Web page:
Construction on the oyster hatchery began in April 2013. The elevated and temperature-controlled hatchery features a state-of-the-art re-circulating water system that will enable production of hatchery-raised larvae and spat to occur year-round, significantly increasing the production capacity over previous years. The facility was funded through the Deepwater Horizon oil spill Natural Resource Damage Assessment early restoration process.
“Oysters are very important to the history and culture of our state,” said LDWF Secretary Robert Barham. “This oyster hatchery is a very important tool in rehabilitating the state’s valuable oyster resources in the wake of the Deepwater Horizon oil spill.”
Since 1993, LSG has operated an oyster hatchery on Grand Isle in various locations. In 2005, Hurricane Katrina devastated the hatchery. It was rebuilt, but then razed again in 2008 by Hurricane Gustav. LSG subsequently moved its operations to the LDWF Grand Isle marine research lab, which has allowed LDWF and LSG to merge academic research projects and hatchery programs that benefit both the commercial harvesting sector and aid in management of the public seed grounds.
“LSU is proud of the role our scientists play in Louisiana’s world-famous oyster industry, which supplies more than a third of our country’s oysters,” said Louisiana State University President F. King Alexander. “This hatchery will provide critical support to a resource that is integral to our state’s culture and identity.”
“Louisiana Sea Grant has a long history of supporting our state’s oyster industry, and an equally long history of working in partnership with the Department of Wildlife and Fisheries,” said Robert Twilley, LSG executive director. “With this partnership, we look forward to entering into a new commitment of research and service that benefits our state’s oyster growers and harvesters.”
LDWF is responsible for operating and maintaining the new oyster hatchery facility. Through an agreement with the department, LSG will provide technical direction on production of larvae and spat and training for LDWF staff under supervision of Louisiana Sea Grant and LSU AgCenter bivalve specialist John Supan. Most of Supan’s recent research has focused on developing a broodstock for producing triploid oysters, which have higher summertime meat yields. He has also examined alternative oyster growing systems, including off-bottom cultivation techniques.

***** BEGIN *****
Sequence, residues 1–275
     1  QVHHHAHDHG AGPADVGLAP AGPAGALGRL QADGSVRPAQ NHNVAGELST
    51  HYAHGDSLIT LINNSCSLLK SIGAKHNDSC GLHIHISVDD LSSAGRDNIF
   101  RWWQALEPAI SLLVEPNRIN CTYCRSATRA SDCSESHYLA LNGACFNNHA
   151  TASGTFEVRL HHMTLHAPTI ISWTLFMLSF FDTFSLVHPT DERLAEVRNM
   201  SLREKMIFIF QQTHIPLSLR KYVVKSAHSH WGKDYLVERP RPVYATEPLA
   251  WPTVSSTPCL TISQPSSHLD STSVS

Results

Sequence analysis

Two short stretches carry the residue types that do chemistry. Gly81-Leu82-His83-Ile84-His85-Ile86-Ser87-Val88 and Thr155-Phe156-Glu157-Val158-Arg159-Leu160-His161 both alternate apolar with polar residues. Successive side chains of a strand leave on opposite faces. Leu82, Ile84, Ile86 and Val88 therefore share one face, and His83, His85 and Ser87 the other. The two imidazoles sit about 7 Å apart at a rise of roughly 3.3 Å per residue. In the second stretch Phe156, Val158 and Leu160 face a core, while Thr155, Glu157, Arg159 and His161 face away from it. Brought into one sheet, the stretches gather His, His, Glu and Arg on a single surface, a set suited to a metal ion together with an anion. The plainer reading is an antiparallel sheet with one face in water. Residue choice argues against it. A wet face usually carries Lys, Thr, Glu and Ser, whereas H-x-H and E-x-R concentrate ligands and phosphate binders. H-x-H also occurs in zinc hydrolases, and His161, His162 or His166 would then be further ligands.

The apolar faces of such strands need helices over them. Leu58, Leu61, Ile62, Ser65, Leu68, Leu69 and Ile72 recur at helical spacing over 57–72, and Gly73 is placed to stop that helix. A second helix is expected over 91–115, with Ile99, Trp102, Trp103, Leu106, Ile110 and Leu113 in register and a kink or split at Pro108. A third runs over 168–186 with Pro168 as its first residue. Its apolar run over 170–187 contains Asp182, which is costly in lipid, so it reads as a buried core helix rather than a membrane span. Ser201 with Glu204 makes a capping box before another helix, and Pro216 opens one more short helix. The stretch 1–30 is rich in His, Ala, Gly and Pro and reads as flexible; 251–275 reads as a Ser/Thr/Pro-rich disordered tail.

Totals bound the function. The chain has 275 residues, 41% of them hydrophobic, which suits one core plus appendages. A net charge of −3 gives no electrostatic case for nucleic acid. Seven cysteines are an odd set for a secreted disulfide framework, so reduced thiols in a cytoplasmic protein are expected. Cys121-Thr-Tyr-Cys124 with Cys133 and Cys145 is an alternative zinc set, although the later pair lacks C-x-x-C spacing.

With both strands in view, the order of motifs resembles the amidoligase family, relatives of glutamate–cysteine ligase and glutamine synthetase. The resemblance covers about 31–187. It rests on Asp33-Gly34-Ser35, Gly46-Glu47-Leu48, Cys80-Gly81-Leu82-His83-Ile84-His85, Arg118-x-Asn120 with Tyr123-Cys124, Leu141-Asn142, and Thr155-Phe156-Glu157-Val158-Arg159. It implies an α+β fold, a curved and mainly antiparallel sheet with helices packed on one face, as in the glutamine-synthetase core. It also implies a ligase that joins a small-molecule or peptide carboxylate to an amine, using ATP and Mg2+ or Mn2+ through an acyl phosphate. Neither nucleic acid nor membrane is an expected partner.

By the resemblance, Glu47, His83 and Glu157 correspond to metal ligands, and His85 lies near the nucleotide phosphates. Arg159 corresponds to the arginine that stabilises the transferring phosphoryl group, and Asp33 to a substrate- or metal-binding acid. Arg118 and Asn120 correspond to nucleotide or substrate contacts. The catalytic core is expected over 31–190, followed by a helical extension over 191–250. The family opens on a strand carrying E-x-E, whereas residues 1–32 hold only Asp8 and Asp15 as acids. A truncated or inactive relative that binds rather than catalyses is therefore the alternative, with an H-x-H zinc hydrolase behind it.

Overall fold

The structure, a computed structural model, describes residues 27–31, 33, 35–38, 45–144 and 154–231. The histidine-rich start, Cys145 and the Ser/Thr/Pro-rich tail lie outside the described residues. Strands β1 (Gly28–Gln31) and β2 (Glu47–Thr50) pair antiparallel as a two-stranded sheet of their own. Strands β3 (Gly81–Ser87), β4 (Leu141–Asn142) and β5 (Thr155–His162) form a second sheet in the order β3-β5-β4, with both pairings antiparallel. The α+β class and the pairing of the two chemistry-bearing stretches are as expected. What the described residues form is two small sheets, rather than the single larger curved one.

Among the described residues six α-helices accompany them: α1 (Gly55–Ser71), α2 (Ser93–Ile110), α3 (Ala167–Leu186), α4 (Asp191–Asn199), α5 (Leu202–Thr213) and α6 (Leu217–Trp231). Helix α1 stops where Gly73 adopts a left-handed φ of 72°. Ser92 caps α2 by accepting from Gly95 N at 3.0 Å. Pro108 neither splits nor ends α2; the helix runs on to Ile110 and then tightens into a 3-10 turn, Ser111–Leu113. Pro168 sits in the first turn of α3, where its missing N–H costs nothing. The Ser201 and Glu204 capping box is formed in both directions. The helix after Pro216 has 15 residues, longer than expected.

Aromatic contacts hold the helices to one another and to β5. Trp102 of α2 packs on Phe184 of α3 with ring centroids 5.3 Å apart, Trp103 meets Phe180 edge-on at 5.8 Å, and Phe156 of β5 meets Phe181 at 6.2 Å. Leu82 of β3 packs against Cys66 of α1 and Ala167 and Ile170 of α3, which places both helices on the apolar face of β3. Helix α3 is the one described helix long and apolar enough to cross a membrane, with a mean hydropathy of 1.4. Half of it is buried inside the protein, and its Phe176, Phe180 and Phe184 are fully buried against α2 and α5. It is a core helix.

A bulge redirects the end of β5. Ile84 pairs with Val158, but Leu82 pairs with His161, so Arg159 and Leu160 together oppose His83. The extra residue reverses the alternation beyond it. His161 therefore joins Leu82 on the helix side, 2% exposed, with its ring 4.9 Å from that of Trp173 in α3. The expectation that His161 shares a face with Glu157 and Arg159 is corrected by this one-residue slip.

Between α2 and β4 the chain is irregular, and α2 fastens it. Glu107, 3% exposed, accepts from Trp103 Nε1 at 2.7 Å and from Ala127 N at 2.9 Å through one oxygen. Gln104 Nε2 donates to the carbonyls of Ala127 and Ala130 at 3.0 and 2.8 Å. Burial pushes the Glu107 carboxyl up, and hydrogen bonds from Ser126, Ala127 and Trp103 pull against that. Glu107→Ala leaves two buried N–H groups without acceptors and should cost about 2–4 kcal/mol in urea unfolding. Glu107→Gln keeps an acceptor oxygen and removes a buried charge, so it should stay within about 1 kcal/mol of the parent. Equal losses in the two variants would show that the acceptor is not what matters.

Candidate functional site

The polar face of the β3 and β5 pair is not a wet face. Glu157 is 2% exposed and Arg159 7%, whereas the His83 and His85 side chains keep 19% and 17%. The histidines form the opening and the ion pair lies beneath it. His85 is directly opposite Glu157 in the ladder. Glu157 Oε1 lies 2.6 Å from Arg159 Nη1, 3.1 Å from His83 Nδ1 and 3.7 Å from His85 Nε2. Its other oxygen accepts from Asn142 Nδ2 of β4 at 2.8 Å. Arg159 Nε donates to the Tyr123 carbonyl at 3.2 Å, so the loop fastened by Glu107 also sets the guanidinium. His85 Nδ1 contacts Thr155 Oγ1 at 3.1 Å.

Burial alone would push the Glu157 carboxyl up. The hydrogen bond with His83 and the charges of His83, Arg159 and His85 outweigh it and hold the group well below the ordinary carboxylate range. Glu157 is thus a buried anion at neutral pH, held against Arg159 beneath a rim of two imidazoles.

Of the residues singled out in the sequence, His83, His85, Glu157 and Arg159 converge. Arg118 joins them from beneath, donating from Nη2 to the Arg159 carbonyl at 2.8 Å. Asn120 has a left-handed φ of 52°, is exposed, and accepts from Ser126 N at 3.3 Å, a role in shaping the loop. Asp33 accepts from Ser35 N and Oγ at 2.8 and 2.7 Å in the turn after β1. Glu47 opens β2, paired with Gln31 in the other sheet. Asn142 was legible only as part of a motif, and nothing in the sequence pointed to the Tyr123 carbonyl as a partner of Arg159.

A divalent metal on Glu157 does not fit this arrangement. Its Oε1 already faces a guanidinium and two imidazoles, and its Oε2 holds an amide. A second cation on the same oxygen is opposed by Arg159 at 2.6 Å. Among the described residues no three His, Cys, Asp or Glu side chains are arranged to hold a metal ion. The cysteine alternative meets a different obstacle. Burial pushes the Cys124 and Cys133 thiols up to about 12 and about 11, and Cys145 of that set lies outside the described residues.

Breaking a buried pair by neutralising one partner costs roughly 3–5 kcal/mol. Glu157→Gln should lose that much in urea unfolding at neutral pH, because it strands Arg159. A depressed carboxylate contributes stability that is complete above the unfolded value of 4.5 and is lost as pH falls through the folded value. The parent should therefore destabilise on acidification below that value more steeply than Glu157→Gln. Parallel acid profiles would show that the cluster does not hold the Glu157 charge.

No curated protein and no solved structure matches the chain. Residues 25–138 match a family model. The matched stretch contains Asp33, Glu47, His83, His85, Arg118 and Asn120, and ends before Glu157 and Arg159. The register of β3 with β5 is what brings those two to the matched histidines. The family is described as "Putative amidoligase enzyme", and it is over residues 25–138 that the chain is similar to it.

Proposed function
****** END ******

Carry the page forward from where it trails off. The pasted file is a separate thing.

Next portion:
Currently, LDWF deploys hatchery-raised oyster larvae (Crassostrea virginica) on the public seed grounds through remote setting spat on-shell and by deploying free swimming larvae. Approximately 13 million spat and 400 million larvae were produced each year, on average, with past operations for use by LDWF in public seed ground rehabilitation projects.
The new hatchery is capable of producing 1 billion Crassostrea virginica oyster larvae annually. Those larvae will be utilized by LDWF for augmentation of six early restoration cultch plants. Any excess diploid larvae will be used for various oyster rehabilitation projects on the public seed grounds.
Rep. Gordon E. Dove of Houma, through legislation, named the hatchery after the late Michael C. Voisin of Houma. Voisin, who passed away in 2013, was a respected innovator in the oyster industry and served in many leadership roles, including Louisiana Wildlife and Fisheries Commissioner and Chairman of the Louisiana Oyster Task Force.
Since its establishment in 1968, Louisiana Sea Grant (www.laseagrant.org) has worked to promote stewardship of the state’s coastal resources through a combination of research, education and outreach programs critical to the cultural, economic and environmental health of Louisiana’s coastal zone. Louisiana Sea Grant, based at Louisiana State University, is part of the National Sea Grant College Program, a network of 33 university-based programs in each of the U.S. coastal and Great Lakes states and Puerto Rico.